A protracted strike at Boeing's aircraft assembly plant has meant All Nippon Airways (ANA) and Japan Airlines (JAL) are each bracing for possible further delays to Boeing 787 deliveries.

"We are certainly bracing ourselves for the prospect of a further delay" although there has been no official word from Boeing yet, says a JAL spokesman in Tokyo, in an emailed response to a query from ATI, flightglobal.com's sister premium news source. "The impact the strike may have on the current 787 delivery schedule is certainly of great concern" but "Boeing has not informed us of any update to the delivery schedule of our first 787 aircraft at present," says the spokesman.

"We are still expecting our first aircraft to be delivered in October 2009," he adds.

ANA, meanwhile, is suppose to receive its first 787 next August but it too is concerned that the strike might lead to a further delay in 787 deliveries.

"We've had no information from Boeing but we are still working on the basis of an August delivery," says an ANA spokesman in Tokyo.

But this August delivery date, announced a few days ago, fails to take into account the impact that the strike might have, confirms the spokesman.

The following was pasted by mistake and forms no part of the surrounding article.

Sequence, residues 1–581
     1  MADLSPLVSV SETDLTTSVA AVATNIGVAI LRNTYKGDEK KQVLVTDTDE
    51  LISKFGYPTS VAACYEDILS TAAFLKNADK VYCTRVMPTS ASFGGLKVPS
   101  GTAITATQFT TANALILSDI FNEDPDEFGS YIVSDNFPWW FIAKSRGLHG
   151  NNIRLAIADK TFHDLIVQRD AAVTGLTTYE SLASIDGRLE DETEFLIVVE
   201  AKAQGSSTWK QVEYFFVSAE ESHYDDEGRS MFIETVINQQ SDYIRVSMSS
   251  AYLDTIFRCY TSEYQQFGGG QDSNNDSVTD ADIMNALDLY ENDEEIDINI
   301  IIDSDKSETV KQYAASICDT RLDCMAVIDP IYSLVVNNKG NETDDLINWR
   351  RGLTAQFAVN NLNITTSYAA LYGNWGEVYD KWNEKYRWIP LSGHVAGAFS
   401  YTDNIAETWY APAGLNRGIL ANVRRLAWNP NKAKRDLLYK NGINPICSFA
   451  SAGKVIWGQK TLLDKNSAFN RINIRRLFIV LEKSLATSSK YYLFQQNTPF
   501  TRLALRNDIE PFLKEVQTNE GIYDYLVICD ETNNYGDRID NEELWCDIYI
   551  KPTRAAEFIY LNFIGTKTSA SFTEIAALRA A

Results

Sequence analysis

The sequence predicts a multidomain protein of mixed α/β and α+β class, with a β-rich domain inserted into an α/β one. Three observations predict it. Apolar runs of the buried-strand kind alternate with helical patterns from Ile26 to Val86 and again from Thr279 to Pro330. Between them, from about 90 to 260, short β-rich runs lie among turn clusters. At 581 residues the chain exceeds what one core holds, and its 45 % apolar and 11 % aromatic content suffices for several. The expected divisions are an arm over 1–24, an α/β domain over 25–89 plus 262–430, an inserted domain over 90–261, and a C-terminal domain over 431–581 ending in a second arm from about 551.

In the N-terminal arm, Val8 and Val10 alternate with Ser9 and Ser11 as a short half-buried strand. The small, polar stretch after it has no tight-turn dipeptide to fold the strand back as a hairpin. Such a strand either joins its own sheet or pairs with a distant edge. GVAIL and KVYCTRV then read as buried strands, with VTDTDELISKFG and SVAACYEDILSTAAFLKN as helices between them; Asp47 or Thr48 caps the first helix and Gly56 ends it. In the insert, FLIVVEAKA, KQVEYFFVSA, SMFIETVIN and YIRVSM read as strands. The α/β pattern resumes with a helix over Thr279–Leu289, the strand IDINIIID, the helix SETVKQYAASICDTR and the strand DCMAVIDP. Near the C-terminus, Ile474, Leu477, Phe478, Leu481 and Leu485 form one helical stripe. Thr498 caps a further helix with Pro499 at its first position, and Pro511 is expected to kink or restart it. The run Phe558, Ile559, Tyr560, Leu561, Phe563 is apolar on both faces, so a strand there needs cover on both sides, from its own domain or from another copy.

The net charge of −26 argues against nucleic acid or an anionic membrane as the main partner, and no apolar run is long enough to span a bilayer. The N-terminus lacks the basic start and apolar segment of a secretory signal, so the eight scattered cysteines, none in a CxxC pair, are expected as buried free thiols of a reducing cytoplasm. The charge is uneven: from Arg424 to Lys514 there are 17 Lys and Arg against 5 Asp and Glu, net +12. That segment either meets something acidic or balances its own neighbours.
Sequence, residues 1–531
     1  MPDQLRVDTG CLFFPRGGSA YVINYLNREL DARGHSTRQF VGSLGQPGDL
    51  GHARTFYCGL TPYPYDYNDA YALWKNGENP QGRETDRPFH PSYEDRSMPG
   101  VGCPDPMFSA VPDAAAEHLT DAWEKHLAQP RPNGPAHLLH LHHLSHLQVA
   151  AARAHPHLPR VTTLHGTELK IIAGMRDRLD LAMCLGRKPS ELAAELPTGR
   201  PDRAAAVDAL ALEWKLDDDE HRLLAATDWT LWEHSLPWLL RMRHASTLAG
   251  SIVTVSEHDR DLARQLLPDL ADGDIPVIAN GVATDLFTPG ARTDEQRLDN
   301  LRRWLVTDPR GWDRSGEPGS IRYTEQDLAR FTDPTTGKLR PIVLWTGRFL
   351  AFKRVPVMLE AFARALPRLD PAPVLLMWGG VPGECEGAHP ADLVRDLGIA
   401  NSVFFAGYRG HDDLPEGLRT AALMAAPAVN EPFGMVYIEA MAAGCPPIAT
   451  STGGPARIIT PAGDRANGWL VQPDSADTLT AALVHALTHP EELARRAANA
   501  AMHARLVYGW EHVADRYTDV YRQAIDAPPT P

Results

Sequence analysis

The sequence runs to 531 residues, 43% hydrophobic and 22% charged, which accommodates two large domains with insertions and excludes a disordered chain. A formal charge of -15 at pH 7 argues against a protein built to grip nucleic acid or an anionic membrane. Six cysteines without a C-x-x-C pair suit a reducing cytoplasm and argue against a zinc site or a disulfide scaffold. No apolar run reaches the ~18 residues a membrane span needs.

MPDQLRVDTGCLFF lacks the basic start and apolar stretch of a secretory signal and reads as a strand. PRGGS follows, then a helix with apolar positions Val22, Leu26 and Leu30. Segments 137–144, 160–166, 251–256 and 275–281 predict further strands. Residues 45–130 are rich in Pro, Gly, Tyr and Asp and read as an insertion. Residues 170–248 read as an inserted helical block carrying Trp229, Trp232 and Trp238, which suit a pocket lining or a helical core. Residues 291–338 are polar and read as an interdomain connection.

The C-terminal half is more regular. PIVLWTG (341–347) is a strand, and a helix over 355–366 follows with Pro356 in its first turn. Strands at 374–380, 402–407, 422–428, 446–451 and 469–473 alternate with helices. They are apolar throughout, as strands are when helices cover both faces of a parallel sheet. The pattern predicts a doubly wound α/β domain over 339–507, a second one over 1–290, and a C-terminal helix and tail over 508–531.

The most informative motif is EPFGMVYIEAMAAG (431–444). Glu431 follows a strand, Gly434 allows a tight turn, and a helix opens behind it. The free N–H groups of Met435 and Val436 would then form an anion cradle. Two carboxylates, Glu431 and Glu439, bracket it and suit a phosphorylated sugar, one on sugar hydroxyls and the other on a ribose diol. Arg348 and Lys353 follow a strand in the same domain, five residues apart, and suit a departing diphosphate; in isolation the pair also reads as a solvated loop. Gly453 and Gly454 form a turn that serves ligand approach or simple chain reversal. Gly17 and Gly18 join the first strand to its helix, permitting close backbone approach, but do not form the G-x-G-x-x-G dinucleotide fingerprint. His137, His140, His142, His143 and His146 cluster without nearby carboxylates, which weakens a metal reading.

The prospect of further delays is of concern to the airline, he adds.

ANA's August delivery date already represents a delay because when it ordered 787s in 2004 it announced it would receive the first in May 2008.

JAL placed its 787 order in 2005 and was originally suppose to receive its first 787 sometime in 2008's second-half.

Boeing's top spokesman was in Tokyo a few days ago and told journalists there that: "Frankly, we do not know when the strike will end".

He says: "As soon as the strike does end, our operations will normalize" and then "we will be able to reassess our production, deliveries and programme schedule for the 787".

On 6 September machinists at Boeing in the USA went on strike after talks broke down over a new wages package.

This has already had a ripple effect with some airlines around the world putting their plans on hold because they are unable to receive aircraft from Boeing.

Source: Air Transport Intelligence news